In a perfect world, such reasoning would make sense. But the agency is defining issues of medical practice in dramatic fashion — by jailing doctors who step over the line. It would not seem to be bothering, however, to draw the line first.

The dilemma of preventing diversion without discouraging pain care is part of a larger problem: pain is discussed amid a swirl of ignorance and myth. Howard Heit, a pain and addiction specialist in Fairfax, Va., told me: “If we take the fact that 10 percent of the population has the disease of addiction, and if we say that pain is the most common presentation to a doctor’s office, please tell me why the interface of pain and addiction is not part of the core curriculum of health care training in the United States?” Will Rowe, the executive director of the American Pain Foundation, notes that “pain education is still barely on the radar in most medical schools.”

The public also needs education. Misconception reigns: that addiction is inevitable, that pain is harmless, that suffering has redemptive power, that pain medicine is for sissies, that sufferers are just faking. Many law-enforcement officers are as in the dark as the general public. Very few cities and only one state police force have officers who specialize in prescription-drug cases. Charles Cichon, executive director of the National Association of Drug Diversion Investigators (Naddi), says that Naddi offers just about the only training on prescription drugs and reaches only a small percentage of those who end up investigating diversion. I asked if, absent Naddi training, officers would understand such basics as the whether there is a ceiling dose for opioids. “Probably not,” he said.

There is another factor that might encourage overzealous prosecution: Local police can use these cases to finance further investigations. A doctor’s possessions can be seized as drug profits, and as much as 80 percent can go back to the local police.

I think about people in my family who are, or were, in terrible pain.  Or who might be in the future.  I think of their doctors, reading about McIver and other doctors similarly persecuted.  It was bad enough when doctors’ treatment decisions were based on fear of civil malpractice litigation.  But now the federal prosecutors have joined the party, with all their incentives to win cases no matter what, and with punishments at their disposal that can destroy careers, even lives.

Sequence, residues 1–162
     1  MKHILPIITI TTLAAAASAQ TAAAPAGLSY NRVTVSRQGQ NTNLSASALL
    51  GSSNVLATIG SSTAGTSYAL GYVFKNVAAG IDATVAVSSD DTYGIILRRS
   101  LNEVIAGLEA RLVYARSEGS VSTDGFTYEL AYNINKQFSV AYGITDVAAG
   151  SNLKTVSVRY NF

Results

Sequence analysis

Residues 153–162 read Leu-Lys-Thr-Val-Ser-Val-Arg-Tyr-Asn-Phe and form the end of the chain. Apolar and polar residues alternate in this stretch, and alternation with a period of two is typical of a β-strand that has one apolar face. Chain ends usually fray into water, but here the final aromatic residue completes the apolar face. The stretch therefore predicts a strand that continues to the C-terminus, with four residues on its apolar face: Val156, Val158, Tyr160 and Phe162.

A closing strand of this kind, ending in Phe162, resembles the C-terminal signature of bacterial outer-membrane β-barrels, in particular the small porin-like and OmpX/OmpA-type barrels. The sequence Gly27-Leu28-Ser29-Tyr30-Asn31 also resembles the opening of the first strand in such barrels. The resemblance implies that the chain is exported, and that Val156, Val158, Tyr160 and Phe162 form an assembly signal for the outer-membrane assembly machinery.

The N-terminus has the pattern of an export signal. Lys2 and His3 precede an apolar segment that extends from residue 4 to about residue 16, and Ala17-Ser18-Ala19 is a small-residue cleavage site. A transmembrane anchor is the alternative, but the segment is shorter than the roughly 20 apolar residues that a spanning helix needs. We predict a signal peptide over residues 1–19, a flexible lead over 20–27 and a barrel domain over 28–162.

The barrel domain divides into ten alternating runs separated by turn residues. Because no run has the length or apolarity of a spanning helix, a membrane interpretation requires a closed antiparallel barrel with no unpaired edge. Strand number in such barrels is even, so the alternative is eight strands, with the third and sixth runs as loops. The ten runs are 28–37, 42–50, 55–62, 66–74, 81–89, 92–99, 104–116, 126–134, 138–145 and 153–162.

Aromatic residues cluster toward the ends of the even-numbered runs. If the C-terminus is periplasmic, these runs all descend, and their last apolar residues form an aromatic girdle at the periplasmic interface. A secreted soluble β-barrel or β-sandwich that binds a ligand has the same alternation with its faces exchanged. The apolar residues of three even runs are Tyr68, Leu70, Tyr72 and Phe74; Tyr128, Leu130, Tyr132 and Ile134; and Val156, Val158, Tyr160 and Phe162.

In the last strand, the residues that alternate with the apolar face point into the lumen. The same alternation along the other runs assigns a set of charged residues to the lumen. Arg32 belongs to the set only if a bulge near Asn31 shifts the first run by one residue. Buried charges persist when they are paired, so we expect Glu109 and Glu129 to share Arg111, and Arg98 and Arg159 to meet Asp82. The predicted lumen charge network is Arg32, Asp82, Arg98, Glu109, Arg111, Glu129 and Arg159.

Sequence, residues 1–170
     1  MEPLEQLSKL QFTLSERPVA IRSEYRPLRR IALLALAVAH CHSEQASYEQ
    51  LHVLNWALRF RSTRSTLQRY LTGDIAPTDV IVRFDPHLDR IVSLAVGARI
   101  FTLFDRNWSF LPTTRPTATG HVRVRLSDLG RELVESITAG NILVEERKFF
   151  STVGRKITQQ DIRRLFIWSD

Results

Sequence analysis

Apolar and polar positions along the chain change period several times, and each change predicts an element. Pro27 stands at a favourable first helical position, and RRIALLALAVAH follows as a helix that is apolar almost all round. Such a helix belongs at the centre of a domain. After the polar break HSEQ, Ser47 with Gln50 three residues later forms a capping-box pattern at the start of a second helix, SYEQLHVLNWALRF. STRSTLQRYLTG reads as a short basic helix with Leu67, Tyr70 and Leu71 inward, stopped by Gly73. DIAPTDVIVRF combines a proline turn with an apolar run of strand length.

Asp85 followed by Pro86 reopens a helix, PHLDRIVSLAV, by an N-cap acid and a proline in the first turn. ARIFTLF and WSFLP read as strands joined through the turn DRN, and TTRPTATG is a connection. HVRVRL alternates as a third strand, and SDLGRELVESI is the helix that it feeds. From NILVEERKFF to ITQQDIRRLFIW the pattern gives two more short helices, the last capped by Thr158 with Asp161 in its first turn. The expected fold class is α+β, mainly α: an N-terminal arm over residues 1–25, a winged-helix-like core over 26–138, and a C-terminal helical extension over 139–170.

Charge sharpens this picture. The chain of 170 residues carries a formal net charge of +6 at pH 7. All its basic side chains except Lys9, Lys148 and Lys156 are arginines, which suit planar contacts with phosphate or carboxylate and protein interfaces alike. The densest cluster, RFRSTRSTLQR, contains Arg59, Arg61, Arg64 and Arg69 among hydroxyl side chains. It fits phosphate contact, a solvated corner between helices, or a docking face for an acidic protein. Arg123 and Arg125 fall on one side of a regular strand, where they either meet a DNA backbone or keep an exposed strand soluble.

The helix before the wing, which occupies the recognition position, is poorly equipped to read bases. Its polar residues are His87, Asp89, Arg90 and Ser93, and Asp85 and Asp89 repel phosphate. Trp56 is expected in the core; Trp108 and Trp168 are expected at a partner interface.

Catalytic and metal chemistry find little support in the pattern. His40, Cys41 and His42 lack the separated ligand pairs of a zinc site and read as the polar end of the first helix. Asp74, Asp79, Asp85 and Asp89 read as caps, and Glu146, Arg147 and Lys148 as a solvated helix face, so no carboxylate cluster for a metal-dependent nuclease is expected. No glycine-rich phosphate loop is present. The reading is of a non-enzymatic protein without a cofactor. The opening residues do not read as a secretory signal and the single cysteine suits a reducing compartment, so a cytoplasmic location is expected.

It’s one thing for a doctor to wear a brave face and put his or her patient first in the face of potential lawsuits. But prison?  The suffering patient will just have to understand. 

The criminalization of gray-area medical decisions is the ultimate empowerment of ignorance, fear and innuendo as the driving forces of our civilization.  Despite miraculous medical and scientific advances, as long as we give power to prosecutors to go “booga-booga” to juries, some of those advances will be shelved. 

There are countless examples of this trend, but this one really turned my stomach.

*Edited and retitled, 6/18/07

2 thoughts on “Persecuting Pain*

  1. Unbelievable. I’ve been hearing more and more about docs and other smart professionals leaving the USA for Europe these days, setting up in some nice Italian city or Paris or Hamburg. Used to be a curious thing to me.

    But now I see why. If overzealous prosecutors are tossing docs into prison for clinical decisions about analgesic dosages, US society really has gone over the edge into insane stupidity, indeed.